Background Heavy menstrual bleeding (HMB) is a common problem that can significantly affect women's lives. There is a lack of evidence on long-term outcomes after seeking treatment. Aim To assess continuation rates of medical treatments and rates of surgery in women 10 years after initial management for HMB in primary care. Design and setting This was a prospective observational cohort study. Method Women with HMB who participated in the ECLIPSE primary care trial (ISRCTN86566246) completed questionnaires 10 years after randomisation to the levonorgestrel-releasing intrauterine system (LNG-IUS) or other usual medical treatments (oral tranexamic acid, mefenamic acid, combined oestrogen- progestogen; or progesterone alone). Outcomes were rates of surgery, medical treatments, and quality of life using the 36-item Short-Form Health Survey (SF-36) and EuroQoL EQ-5D. Results The responding cohort of 206 women was demographically and clinically representative of the original trial population. Mean age at baseline was 41.9 years (SD 4.9) and 53.7 years (SD 5.1) at follow-up. Over the 10-year followup, 60 of 206 (29.1%) women had surgery (hysterectomy n = 34, 16.5%; endometrial ablation n = 26, 12.6%). Between 5 and 10 years, 89 women (43.2%) ceased all medical treatments and 88 (42.7%) used LNG-IUS alone or in combination with other treatments. Fifty-six women (27.2%) were using LNG-IUS at 10 years. There were improvements over time in quality-of-life scores, with no evidence of differences in these or other outcomes between the two groups. Conclusion Medical treatments for women with HMB can be successfully initiated in primary care, with low rates of surgery and improvement in quality of life observed a decade later.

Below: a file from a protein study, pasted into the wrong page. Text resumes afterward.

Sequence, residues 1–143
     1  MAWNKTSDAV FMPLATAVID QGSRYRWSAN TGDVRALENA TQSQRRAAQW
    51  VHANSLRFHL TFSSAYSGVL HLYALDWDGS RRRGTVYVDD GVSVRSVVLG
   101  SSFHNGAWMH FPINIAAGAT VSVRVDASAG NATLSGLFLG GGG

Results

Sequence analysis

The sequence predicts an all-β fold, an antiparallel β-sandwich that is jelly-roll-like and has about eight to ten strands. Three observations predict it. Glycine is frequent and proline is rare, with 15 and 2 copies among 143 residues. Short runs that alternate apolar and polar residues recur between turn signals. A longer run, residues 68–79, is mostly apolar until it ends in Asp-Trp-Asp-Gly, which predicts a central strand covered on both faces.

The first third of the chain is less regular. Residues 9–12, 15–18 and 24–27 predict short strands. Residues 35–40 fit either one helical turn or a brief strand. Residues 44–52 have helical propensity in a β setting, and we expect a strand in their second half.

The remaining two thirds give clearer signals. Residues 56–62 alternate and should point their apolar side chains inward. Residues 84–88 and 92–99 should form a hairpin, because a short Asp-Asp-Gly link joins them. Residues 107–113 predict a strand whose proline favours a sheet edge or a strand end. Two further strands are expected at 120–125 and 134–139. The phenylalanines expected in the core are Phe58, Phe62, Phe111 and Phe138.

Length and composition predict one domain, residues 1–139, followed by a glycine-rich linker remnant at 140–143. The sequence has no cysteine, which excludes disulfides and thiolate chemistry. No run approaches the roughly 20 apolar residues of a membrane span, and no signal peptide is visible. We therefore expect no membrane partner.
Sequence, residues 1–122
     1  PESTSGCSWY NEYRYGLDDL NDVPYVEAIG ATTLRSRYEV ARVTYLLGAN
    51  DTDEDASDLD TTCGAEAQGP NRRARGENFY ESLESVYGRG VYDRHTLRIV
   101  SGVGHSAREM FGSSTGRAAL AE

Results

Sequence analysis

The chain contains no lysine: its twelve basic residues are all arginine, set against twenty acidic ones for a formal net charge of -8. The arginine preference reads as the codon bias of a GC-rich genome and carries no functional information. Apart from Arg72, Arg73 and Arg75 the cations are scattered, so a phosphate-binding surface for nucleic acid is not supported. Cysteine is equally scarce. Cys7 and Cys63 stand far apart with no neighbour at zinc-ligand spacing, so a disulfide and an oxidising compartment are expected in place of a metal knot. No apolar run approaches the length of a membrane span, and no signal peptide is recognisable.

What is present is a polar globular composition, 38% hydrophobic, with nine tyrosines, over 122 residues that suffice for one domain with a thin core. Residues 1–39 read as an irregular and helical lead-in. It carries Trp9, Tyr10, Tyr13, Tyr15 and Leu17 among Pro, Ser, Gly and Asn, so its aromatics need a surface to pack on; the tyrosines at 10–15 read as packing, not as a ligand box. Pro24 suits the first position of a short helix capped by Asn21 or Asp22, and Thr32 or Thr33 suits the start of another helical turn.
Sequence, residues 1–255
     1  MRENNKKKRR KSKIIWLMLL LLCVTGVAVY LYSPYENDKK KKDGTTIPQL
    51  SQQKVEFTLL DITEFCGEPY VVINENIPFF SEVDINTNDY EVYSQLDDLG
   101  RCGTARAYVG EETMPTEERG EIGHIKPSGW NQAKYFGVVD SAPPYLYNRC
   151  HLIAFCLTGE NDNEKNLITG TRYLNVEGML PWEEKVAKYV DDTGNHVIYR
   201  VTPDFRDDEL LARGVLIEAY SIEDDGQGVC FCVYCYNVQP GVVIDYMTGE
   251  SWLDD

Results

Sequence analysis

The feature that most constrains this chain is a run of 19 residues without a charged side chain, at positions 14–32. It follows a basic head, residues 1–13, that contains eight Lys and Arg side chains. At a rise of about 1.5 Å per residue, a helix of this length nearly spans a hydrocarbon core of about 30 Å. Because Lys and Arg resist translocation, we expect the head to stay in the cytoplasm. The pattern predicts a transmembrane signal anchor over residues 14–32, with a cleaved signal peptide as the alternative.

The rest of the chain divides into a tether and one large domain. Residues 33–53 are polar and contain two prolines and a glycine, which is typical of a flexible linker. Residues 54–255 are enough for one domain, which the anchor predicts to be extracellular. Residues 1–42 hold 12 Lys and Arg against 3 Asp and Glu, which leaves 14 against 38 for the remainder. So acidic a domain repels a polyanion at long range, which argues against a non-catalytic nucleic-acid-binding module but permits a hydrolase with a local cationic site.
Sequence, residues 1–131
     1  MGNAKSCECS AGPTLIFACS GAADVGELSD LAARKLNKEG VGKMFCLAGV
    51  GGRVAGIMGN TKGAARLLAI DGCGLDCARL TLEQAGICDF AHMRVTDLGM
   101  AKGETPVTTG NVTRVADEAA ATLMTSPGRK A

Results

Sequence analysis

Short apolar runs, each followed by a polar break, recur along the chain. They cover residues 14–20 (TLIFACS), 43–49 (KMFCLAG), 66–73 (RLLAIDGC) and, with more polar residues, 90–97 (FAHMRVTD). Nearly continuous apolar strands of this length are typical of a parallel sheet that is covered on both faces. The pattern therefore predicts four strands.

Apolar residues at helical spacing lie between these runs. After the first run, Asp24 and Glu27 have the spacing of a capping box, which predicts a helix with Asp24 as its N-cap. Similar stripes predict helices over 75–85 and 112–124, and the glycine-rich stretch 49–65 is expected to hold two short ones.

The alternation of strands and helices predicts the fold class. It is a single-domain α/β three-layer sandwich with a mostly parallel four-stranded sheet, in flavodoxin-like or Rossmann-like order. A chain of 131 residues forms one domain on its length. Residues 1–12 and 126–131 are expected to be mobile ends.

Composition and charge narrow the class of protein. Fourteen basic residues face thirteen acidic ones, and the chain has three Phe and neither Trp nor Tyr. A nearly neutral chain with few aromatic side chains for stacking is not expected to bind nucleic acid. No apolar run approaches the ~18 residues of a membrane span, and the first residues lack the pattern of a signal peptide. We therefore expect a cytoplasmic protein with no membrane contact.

Kai, J., Dutton, B., Vinogradova, Y., Hilken, N., Gupta, J., & Daniels, J. (2022). Medical treatment for heavy menstrual bleeding in primary care: 10-year data from the ECLIPSE trial. British Journal of General Practice, 72(725), e857-e864. https://doi.org/10.3399/bjgp.2022.0260